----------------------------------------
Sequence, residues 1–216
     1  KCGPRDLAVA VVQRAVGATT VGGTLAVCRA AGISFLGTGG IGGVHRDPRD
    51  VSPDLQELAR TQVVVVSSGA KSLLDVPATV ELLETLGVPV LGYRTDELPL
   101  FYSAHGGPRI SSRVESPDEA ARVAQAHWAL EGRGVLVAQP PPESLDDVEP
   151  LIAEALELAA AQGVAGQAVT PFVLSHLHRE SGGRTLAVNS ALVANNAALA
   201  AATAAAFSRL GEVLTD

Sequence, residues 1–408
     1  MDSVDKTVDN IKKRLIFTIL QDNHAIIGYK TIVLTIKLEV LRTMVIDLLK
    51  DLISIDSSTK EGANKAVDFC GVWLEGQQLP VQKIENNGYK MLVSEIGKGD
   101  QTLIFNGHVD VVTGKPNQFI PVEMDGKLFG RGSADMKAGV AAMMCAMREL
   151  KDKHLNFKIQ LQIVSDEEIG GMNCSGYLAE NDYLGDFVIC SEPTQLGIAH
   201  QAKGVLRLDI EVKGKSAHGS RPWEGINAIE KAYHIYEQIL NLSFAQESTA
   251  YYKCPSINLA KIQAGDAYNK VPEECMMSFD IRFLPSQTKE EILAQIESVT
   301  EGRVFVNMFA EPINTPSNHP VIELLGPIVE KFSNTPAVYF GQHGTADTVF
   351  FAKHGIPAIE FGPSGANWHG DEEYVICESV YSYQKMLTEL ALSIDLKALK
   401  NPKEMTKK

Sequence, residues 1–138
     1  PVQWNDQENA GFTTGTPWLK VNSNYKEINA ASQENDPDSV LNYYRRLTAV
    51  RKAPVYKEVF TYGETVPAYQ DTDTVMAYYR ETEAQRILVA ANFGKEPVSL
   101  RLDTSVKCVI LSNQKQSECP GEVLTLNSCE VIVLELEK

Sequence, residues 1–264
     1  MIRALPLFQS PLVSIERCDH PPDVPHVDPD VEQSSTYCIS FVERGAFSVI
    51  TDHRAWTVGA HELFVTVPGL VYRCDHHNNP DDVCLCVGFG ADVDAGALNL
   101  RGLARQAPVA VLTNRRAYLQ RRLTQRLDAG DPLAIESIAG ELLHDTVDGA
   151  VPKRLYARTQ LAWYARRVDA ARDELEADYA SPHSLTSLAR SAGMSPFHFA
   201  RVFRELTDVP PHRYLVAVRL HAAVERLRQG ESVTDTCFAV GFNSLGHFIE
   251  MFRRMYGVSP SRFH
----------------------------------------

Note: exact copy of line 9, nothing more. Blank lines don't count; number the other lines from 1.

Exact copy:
    51  DLISIDSSTK EGANKAVDFC GVWLEGQQLP VQKIENNGYK MLVSEIGKGD